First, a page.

EMI Group and Warner Music Group are in the swing of another complex merger dance. In a statement issued today (June 28), London-based EMI said it had rejected a £2.5 billion ($4.5 billion) count

EMI Group and Warner Music Group are in the swing of another complex merger dance. In a statement issued today (June 28), London-based EMI said it had rejected a £2.5 billion ($4.5 billion) counter-bid from its N.Y.-based rival.

EMI described Warner's 320 pence ($5.8) per share approach as "wholly unacceptable."

Following the announcement, stock in EMI soared by as much as 9.6% during morning trading on the London Stock Exchange to set a four-year high of 311 pence ($5.6).

"The board of EMI continues to believe that an acquisition of Warner Music by EMI at $31 per share in cash would be very attractive to both sets of shareholders and would deliver value to EMI's shareholders which is far superior to Warner Music's revised alternative proposal," EMI said in its statement.

EMI's board said it was committed to pursuing such a transaction "only if it delivers enhanced value and earnings accretion to EMI shareholders."

On May 3, Warner Music rejected a £2.3 billion pound ($4.2 billion) approach from EMI, worth $28.50 per share.

EMI disclosed today that it subsequently raised its offer on June 23 to $31 cash per Warner Music share.

EMI said it envisaged that its proposal would be funded by debt finance and a rights issue, both of which would be fully underwritten, and the disposal of "certain music publishing assets."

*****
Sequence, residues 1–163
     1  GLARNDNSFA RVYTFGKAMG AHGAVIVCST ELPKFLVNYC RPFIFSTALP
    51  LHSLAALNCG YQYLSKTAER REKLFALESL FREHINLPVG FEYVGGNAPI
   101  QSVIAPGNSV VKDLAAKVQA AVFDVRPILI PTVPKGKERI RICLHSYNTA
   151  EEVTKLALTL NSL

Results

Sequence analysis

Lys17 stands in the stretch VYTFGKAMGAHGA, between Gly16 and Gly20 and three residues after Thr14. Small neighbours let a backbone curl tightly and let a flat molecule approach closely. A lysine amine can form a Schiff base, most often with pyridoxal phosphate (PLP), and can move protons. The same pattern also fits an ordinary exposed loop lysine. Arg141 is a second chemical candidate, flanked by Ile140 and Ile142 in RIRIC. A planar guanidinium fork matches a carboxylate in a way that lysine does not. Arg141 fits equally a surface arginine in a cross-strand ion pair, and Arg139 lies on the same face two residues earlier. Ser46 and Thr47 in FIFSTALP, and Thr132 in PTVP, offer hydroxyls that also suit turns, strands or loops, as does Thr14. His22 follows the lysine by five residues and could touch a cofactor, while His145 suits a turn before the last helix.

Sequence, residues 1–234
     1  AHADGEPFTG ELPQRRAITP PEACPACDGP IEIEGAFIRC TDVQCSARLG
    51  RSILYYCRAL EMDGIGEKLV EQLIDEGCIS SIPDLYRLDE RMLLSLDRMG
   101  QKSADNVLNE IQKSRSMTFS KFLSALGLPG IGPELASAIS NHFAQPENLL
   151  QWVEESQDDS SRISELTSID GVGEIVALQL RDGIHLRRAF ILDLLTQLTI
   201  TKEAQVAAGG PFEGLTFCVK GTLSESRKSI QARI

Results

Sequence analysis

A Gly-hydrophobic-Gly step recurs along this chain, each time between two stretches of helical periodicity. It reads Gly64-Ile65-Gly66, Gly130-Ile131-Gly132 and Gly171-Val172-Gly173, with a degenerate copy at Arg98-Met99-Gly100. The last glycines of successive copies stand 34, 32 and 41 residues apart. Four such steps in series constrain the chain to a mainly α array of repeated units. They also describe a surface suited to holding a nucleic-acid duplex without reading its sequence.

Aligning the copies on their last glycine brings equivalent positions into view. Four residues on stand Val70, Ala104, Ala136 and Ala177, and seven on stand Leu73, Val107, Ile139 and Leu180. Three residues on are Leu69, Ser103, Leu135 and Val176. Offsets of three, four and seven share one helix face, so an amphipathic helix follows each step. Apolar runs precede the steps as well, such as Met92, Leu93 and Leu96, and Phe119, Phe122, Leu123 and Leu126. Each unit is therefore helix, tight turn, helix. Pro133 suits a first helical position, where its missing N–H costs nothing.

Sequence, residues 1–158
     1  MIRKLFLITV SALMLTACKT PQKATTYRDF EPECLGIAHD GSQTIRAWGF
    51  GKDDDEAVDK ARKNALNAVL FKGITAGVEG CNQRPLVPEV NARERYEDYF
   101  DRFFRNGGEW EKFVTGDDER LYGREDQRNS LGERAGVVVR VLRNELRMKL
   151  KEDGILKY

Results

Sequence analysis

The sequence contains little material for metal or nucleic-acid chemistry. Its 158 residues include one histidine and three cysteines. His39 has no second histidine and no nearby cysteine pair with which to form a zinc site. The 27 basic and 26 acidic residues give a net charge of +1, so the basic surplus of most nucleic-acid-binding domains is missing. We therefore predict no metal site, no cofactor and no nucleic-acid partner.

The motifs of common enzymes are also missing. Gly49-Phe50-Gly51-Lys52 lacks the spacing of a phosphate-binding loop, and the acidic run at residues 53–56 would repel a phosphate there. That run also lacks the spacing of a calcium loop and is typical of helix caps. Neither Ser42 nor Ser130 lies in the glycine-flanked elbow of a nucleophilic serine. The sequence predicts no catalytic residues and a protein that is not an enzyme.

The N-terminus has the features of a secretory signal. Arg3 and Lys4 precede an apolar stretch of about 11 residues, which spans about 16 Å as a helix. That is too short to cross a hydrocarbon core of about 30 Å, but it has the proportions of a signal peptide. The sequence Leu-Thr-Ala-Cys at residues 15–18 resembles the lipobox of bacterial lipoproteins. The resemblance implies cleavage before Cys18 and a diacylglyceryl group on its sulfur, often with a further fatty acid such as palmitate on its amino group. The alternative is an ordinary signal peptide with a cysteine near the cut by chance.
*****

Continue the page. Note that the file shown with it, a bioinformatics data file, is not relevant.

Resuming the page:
On June 27, Warner Music, according to the statement, rejected EMI's proposal and submitted the revised offer to acquire EMI at 320 pence ($5.8) per share. That proposal was "unanimously rejected" by EMI's board.

Warner's shares are currently valued at $27.23.

Just last month, EMI reported a 20% full-year rise in net profit to £90 million ($168 million) as revenues from its digital music activities grew 139% to £112.1 million ($211.2 million).

Speculation on an EMI/Warner Music merger has arisen frequently since the two companies initially attempted to amalgamate in 1999. Those plans were scuppered when it became clear that the pact would not bear scrutiny from the European Commission's competition department. Another attempted merger in 2003 also came to nothing.